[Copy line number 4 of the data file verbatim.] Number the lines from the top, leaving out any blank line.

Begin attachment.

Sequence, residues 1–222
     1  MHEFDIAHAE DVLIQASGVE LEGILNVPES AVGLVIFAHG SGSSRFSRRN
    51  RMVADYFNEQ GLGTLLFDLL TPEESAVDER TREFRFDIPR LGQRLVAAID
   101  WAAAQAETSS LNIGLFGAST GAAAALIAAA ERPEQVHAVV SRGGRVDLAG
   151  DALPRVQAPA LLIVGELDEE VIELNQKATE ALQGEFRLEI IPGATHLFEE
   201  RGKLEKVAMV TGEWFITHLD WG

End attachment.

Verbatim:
   101  WAAAQAETSS LNIGLFGAST GAAAALIAAA ERPEQVHAVV SRGGRVDLAG